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The Telling Room: The Tales an Old Truck Could Tell

If only an an old truck could talk. As part of our Friday series of essays produced in partnership with the Telling Room in Portland, Balthasar von Huene gives voice to a military work-horse that found a new life in Maine.

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The Telling Room: The Tales an Old Truck Could Te Listen


My line goes back a while. My ancestors in the Great War, my older cousins in Korea, and my siblings in Vietnam have all served admirably. We aren't the Sherman tanks you see documentaries about, or the peppy little jeeps you always see in the movies. We are the drab-looking trucks in the background. Nobody talks about us, but we're always there.

Ours was the thankless grunt work of trucking soldiers and ammunition over mountains, through mud, and across rivers to the front. It was our kind who made forward air bases possible, moving fuel and ammunition to the planes and putting out the fires when something went wrong.

In Vietnam, steel plates were bolted onto us and machine guns were thrown on our backs to go after the Viet Cong. We have made the U.S. Armed Forces possible for 30 years and have scarcely been thanked. We are the Dodge M37s, and we're still here.

It was 51 years ago that I rolled off the Chrysler assembly line. I looked and felt like a million bucks in my fresh Air Force Blue paint, like any soldier feels in a clean uniform. Well, you can imagine how long that lasted once the reality of USAF service kicked in.

Granted, some say that I had it easy compared to my siblings in the Army. But although my olive drab comrades may have had to deal with more mud and dirt than I did at the air base, they also had more fun. The Army trucks at least got out once in a while; I was confined to lugging fuel and ammunition around the same air base, week after week, month after month.

Eventually, Uncle Sam wanted to upgrade. I got auctioned off - as luck would have it - to some New Englander with more off-road ambitions than I was used to. In a way, this was actually refreshing. I really got some exercise pulling timber, driving up to Orono, launching boats, and so on.

After some time, though, I began to feel my years. The salt water at the boat launch combined with the acidic needles of the cedar under which I was parked, and rust set in. My canvas roof rotted away and I sat there in the driveway, wondering how much I had left to offer.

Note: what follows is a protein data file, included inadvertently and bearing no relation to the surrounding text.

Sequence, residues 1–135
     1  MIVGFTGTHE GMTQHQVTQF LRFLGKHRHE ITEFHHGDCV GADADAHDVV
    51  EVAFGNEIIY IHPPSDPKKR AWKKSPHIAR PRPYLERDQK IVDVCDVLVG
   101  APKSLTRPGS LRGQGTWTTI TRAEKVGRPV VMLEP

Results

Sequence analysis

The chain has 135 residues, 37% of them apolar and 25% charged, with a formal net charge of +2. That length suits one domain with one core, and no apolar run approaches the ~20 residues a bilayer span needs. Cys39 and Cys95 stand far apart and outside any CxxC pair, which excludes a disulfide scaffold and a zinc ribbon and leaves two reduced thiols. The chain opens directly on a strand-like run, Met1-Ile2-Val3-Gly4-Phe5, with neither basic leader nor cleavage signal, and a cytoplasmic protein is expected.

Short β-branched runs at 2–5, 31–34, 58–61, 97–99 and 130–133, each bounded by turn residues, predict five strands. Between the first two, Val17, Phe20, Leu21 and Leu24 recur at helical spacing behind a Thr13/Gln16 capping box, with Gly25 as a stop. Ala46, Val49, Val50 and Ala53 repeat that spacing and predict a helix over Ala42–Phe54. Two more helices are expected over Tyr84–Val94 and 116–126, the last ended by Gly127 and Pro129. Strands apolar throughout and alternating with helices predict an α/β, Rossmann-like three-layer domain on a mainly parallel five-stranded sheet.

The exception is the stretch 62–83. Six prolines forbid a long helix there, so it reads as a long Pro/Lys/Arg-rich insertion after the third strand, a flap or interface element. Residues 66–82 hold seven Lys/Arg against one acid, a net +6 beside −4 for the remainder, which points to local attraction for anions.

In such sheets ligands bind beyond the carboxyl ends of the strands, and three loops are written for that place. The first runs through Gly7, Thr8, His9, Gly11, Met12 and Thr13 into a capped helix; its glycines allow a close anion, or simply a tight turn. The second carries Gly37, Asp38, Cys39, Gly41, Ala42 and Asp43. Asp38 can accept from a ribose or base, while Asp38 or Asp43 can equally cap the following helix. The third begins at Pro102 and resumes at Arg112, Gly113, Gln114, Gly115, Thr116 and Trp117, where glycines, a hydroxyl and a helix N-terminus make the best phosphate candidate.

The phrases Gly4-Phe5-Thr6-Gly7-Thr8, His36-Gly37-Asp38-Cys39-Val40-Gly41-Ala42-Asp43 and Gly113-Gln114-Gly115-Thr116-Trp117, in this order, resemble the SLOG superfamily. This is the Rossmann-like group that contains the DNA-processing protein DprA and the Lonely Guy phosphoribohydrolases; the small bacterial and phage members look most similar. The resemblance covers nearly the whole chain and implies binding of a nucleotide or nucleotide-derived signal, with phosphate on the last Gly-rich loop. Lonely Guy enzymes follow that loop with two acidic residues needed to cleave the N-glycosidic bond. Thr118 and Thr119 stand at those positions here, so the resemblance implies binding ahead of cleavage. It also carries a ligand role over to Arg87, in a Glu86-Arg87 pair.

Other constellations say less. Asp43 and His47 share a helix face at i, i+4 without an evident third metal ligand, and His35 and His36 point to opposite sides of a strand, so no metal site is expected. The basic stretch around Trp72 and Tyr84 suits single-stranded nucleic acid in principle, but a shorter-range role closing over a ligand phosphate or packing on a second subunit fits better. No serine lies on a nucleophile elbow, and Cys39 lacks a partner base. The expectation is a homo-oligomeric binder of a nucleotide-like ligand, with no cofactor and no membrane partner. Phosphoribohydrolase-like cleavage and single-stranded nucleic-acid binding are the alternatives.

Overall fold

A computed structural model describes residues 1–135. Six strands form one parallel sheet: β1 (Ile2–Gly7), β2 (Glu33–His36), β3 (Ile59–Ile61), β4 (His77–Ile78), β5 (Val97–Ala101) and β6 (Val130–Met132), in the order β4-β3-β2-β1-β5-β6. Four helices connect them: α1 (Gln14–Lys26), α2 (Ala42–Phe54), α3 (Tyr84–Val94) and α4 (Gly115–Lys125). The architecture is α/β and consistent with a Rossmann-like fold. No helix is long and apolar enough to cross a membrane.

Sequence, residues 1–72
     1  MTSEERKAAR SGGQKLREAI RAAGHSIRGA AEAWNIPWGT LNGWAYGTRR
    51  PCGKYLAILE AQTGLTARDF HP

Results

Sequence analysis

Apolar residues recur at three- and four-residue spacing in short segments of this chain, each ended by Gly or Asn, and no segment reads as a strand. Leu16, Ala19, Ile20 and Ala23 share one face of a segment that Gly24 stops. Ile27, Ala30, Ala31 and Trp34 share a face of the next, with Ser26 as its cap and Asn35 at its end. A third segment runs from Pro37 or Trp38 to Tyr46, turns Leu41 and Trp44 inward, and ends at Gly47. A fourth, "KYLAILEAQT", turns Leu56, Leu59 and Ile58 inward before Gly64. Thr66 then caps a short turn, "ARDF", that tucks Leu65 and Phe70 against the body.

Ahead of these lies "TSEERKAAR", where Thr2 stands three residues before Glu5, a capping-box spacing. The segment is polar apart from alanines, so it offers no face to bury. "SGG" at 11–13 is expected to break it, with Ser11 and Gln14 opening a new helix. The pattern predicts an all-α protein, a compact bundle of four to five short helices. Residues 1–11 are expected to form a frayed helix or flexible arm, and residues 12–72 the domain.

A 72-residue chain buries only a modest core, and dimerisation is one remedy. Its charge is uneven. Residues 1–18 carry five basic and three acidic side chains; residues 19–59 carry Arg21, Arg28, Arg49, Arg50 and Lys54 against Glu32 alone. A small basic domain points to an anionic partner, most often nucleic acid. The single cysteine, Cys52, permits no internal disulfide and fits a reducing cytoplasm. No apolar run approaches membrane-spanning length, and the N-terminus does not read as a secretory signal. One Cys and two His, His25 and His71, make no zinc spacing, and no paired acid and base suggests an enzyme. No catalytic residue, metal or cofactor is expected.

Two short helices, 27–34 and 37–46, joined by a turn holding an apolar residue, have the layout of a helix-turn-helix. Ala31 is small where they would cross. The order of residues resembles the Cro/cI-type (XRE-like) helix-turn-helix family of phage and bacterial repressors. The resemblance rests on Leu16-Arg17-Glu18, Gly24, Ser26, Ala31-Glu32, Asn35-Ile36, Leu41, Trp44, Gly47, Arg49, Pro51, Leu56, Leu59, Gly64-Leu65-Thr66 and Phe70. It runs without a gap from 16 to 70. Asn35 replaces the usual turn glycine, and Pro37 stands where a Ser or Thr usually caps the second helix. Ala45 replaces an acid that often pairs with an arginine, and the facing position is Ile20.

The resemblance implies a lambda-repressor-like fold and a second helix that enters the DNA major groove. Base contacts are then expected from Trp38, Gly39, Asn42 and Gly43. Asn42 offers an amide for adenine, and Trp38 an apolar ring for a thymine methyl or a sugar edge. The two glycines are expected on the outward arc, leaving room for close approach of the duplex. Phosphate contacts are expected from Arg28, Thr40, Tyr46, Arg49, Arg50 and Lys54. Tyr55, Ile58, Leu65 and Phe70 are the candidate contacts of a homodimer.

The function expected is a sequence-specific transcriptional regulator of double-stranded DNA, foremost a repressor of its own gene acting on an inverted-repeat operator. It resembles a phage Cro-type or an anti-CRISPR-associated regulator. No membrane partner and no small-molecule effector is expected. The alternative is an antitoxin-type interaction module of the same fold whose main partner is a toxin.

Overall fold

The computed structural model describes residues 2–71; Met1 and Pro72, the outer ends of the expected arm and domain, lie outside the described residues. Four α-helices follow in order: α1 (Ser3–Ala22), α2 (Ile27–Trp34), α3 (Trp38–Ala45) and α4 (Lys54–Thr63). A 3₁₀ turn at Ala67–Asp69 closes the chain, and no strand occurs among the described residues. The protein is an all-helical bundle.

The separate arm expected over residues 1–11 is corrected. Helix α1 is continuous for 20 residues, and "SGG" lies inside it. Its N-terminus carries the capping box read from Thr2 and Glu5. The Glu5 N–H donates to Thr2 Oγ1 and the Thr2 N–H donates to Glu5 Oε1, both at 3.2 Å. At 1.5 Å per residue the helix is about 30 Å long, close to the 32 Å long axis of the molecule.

One day, my owner decided to give me away. I was dragged onto a tow truck piggyback style and half-dragged from the island of Georgetown onto the neighboring island of Arrowsic. Boy, was that humiliating. Just a few miles, and I wasn't even allowed to drive there!

I was, however, allowed to drive up my new owner's driveway, which was of ample length and needed plowing in the winter. Just as I thought I was going to be useful for this, an old International Scout showed up with a plow already attached.

We worked out an agreement, though; the Scout took care of the snow and I took care of the firewood. Boy, was that a lot of wood. I'm registered to carry three-quarters of a ton of cargo, and I was regularly filled with double that weight in cordwood.
At least I was until the Ford showed up. For all the wood I could carry, I've never been that maneuverable. This new Ford tractor, on the other hand, could weave its way between trees that I could never hope to clear. Thus, I once again found myself sitting idly in a driveway, covered in a tarp, and used as storage for a bunch of old gas cans.

A few years ago, all of a sudden, my owners seemed to remember that I existed. They dragged me up to the workshop, and slowly but surely I began to see improvements to my condition. I got new brake lines, a new roof, a new differential, and a new air horn to let the road know I'm coming.

I saw some steel sheet kicking around the shop, too, and heard talk of new floorboards. I don't know when I'll be roadworthy again, but my owner's son has a prom coming up in a few years and might need transportation. It'll be good to be back on the road. After 51 years of alternating labor and neglect, I most certainly deserve it.

Balthasar von Huene is brought to us by the Portland-based Telling Room, a non-profit writing center dedicated to the idea that children and young adults are natural storytellers. Every Friday this summer we'll share an essay from a student between the ages of six and 18 with a unique perspective on the world.

Photo of
Balthasar von Huene:  Courtesy the Telling Room


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